Plaques and Tangles
Amyloid Plaques (Click To Enlarge)
Amyloid Plaques Damage Brain Cells
Amyloid is a naturally occurring protein in the human body and brain. During Alzheimer's, normal Amyloid groups suffer from a structural change which disrupts normal functioning.
One abnormal amyloid group causes other healthy amyloid groups near it to also mutate, eventually they form large groups of amyloid deposits, called plaques or fibrils.
These plaques have a toxic affect on brain cells and cause the brain lesions characteristic of Alzheimer's. These plaques can be seen in the image above as the brown cloud-like substance damaging the neuron cells.
Tau Tangles (Click To Enlarge)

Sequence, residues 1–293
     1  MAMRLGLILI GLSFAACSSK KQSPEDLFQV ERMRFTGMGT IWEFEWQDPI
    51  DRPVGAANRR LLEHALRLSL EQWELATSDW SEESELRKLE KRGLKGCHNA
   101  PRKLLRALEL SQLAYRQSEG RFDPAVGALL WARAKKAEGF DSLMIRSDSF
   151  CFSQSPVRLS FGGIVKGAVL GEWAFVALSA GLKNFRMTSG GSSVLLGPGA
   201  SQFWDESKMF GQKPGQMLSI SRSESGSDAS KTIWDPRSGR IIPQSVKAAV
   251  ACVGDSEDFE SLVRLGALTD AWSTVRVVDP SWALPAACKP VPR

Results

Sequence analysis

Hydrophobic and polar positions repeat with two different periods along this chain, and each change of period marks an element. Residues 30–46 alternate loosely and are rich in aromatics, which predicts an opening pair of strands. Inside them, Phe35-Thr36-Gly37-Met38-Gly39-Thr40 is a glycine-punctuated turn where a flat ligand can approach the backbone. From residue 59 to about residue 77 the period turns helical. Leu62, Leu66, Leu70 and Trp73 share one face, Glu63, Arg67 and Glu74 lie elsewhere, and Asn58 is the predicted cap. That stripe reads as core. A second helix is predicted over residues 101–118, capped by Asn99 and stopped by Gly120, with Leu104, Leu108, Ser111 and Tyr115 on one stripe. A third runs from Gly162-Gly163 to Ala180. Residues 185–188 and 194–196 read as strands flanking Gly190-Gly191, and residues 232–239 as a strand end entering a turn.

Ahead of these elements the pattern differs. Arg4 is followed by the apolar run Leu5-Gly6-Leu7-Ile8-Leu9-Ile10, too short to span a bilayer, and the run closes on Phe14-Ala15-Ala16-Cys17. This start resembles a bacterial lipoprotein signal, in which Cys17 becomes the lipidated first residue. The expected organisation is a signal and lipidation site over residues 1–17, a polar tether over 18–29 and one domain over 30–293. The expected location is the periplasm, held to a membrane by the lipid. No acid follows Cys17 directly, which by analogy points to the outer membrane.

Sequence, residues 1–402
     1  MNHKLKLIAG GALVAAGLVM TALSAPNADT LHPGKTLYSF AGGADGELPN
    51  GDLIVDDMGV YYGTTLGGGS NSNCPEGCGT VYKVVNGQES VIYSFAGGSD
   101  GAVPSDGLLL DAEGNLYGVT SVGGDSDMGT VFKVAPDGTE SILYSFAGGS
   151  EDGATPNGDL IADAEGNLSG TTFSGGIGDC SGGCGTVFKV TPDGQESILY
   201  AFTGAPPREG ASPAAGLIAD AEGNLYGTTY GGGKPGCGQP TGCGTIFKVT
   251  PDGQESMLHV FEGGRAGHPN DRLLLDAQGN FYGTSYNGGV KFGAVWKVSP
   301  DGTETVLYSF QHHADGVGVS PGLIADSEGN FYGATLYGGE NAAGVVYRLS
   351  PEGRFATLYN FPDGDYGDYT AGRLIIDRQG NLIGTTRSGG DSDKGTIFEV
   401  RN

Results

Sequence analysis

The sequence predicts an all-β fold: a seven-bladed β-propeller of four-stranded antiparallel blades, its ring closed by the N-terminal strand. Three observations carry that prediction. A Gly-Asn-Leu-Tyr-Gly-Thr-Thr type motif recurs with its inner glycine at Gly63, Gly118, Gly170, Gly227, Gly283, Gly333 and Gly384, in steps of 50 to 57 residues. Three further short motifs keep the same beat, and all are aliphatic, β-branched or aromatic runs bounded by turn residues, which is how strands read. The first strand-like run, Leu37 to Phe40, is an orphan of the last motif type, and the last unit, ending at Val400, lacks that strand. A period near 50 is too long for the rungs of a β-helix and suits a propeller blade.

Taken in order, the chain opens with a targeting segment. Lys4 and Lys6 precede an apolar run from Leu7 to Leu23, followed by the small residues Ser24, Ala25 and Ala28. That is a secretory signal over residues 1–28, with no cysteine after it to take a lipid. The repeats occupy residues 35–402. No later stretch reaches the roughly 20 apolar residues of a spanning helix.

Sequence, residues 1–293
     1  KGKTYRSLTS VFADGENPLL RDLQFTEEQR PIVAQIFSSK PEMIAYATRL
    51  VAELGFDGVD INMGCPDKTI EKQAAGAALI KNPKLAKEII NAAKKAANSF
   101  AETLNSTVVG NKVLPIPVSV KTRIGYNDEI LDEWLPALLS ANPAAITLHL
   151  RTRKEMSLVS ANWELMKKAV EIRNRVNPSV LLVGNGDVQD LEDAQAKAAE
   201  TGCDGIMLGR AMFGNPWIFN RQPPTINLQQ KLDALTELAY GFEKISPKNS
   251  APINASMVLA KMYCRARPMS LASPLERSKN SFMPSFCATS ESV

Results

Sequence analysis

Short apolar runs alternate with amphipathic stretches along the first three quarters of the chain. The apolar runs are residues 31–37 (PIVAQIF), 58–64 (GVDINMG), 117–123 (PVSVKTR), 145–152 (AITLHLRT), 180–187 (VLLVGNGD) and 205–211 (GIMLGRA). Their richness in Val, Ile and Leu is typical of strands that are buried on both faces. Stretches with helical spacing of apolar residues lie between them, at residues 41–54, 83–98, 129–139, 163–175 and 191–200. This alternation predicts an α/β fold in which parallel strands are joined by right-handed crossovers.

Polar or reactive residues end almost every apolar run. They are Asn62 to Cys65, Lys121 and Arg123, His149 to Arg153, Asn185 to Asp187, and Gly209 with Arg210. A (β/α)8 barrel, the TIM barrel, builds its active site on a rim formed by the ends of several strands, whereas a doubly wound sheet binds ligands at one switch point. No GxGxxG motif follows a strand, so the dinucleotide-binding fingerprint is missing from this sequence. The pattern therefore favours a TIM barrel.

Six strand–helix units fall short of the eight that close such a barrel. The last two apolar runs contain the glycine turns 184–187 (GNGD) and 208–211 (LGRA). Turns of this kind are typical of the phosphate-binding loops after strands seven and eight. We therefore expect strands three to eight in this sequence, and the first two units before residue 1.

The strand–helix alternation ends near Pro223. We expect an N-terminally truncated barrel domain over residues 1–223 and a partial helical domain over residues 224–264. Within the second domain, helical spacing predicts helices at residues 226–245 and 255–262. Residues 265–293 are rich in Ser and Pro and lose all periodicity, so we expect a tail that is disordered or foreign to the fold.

Tau Tangles Prevent Brain Cells From Communicating
Tau is another naturally occurring protein in the human body and brain. Its primary purpose in the brain is to stabilize the axons of brain cells. The axon is the part of the cell through which electrical signals travel.
In Alzheimer's disease, tau proteins suffer from a structural change which causes them to pair with other threads of tau. The tau, now tangled with other tau, is no longer able to stabilize the brain cell's axon; the axon subsequently unravels and ceases to exist.